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After several years of existential soul-searching — what is a store and what’s the point of shopping centers in the digital age — retailers have decided that consumers, to paraphrase Sally Field’s awkward Academy Awards acceptance speech, “like us, they really like us.”

This story first appeared in the December 5, 2016 issue of WWD. Subscribe Today.

The e-commerce threat to brick-and-mortar may have been somewhat exaggerated, according to some real estate executives, who cite the continued migration “across the aisle” of digital brands such as Amazon, Google, Moda Operandi and Rent the Runway to bolster their point.

Todd Caruso, senior managing director of CBRE’s retail owner/agency practice in the Americas, cited a study by Forrester Research that found brick-and-mortar-based e-commerce sales are growing faster than sales of pure-play e-tailers. “We’ve all seen examples of e-tailers that started online and evolved to brick-and-mortar,” he said.

Caruso said “smart” shopping centers such as Atlantic Station in Atlanta could be a blueprint for the future of the industry, with ice skating, a parking app, a calendar of events that includes wine nights, board game nights and tailgate parties for Georgia Tech and University of Georgia games.

“Altantic Station has been through a nice evolution over the last five years,” Caruso said. “One of the biggest areas of differentiation is its use of social media.”

“E-tailers are embracing brick-and-mortar,” said Ken Bernstein, president and chief executive officer of Acadia Realty Trust. “It’s pretty encouraging and feels much better than the overblown worry that consumers were just going to sit on their couches.

“We’re getting better visibility about how retailers are adapting,” Bernstein added. “They’re sharing more data. Just seeing retailers’ commitments to omnichannel is exciting. We’re seeing traditional retailers making investments into channels that provide price transparency and authenticity. Those that are investing and reinvesting in omnichannel models are winning.”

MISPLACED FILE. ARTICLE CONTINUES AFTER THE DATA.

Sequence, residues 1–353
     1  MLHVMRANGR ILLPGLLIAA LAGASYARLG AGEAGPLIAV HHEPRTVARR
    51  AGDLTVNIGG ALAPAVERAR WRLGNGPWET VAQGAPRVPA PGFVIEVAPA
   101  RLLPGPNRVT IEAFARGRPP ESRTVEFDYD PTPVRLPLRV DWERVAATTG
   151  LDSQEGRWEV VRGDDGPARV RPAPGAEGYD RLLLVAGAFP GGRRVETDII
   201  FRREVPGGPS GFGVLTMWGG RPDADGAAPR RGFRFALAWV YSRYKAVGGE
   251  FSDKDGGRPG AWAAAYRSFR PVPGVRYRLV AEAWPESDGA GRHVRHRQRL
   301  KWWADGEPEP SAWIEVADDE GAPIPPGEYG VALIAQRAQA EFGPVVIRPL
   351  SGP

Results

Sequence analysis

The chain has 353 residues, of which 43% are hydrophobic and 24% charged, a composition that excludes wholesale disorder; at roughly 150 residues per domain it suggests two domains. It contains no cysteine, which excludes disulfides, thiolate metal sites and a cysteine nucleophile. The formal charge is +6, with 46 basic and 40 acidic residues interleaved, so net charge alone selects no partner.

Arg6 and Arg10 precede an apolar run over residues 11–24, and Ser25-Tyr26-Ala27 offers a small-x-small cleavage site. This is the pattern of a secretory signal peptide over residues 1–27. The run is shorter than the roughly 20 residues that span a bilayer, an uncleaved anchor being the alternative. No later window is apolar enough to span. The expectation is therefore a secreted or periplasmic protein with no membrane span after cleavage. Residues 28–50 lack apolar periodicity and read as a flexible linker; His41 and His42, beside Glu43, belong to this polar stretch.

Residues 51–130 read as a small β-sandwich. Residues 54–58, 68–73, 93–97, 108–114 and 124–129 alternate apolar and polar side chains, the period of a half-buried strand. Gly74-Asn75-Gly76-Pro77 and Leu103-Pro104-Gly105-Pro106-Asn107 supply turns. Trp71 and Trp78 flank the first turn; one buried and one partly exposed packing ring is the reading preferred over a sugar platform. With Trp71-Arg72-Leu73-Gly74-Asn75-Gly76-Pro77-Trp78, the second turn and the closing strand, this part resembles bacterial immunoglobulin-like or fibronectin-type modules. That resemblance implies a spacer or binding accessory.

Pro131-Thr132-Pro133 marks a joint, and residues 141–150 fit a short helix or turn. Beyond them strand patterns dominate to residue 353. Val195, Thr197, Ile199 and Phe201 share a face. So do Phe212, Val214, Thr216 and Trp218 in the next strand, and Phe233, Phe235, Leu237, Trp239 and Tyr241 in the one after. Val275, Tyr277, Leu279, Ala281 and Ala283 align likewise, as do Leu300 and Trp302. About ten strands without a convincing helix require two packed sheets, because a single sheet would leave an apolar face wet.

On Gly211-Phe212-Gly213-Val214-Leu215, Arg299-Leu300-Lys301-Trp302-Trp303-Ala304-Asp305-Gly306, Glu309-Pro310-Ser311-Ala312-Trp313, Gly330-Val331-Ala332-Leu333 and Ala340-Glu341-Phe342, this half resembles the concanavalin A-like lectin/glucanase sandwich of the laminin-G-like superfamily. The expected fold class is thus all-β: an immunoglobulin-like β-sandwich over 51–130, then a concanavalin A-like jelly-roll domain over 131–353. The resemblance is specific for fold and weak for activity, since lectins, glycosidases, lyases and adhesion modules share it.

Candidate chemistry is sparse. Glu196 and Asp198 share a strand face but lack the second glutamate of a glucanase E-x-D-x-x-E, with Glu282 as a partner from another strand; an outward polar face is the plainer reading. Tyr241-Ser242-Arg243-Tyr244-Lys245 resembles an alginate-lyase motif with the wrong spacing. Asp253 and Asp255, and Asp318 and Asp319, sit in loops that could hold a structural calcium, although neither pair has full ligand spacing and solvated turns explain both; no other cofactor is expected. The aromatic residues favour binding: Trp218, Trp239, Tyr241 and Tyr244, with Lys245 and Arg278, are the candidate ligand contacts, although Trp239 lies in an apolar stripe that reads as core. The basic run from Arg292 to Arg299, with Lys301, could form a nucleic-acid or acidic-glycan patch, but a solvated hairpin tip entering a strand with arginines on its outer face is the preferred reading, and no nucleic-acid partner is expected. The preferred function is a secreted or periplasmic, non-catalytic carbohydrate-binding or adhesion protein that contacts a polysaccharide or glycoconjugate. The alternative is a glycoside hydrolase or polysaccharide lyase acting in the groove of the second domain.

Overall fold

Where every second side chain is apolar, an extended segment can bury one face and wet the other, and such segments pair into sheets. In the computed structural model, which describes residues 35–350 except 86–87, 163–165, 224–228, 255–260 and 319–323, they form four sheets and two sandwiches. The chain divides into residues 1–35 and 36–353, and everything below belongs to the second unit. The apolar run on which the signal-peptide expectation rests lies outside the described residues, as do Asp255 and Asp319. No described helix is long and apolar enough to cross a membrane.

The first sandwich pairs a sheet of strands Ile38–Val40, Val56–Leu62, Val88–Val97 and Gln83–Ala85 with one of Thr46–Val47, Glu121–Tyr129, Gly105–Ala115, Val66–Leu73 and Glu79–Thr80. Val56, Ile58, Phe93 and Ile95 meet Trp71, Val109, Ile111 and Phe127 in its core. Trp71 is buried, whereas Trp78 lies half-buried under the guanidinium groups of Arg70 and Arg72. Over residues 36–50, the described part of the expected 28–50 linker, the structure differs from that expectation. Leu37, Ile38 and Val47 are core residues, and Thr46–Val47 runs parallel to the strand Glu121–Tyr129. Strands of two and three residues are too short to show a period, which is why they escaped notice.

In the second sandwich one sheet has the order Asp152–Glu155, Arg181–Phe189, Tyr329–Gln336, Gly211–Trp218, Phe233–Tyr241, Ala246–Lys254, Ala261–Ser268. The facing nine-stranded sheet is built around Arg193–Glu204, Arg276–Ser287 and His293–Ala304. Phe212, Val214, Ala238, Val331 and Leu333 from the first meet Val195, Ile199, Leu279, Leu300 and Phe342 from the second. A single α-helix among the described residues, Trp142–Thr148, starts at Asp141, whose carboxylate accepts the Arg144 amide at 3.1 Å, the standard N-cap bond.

At this time last year, consumers were stuck in neutral as the much-touted economic recovery failed to deliver enough jobs to stimulate spending. Spirits are expected to swell at the International Conference of Shopping Centers’ New York National Deal Making Conference, Dec. 4 to 6 at the Jacob K. Javits Convention Center.

“There’s a level of optimism,” said Tom McGee, president and chief executive officer of the ICSC. “We think sales for the holiday season will be up 3.3 percent.” Attendance is up 10 percent to 10,500 to 11,000. With the industry enjoying high occupancy rates, McGee said centers are “focusing on experience, food, entertainment and customer service. The ante’s been raised.”

And as the industry turns its attention to ICSC in New York after real estate executives attended Mapic in Cannes, France, last month, many of the same trends are expected to be talked about, including:

The continued development of omnichannel capabilities;

  The focus on the visitor not as a customer, but as a “guest,” with more services such as smart parking;

The growth of the rental economy, seen in services from Uber to Airbnb or Rent the Runway;

The adoption of virtual and augmented reality at malls to improve visitors’ experiences;

  The growth of food offerings.

“We’re hearing a big buzz about food halls in Miami and New York,” Naveen Jaggi, president of retail brokerage and capital markets at Jones Lang LaSalle Inc., said. “Food is a big part of development today. But how many can be distinctive and unique enough to be compelling?”

So far, there seems to be no shortage of star chefs willing to do food halls. Thomas Keller is overseeing Hudson Yards dining concepts, including a European-style food hall. Jean-George Vongerichten will open a market at the Seaport. Casa Tua is opening an Italian food hall at Saks Fifth Avenue at Brickell City Centre in Miami.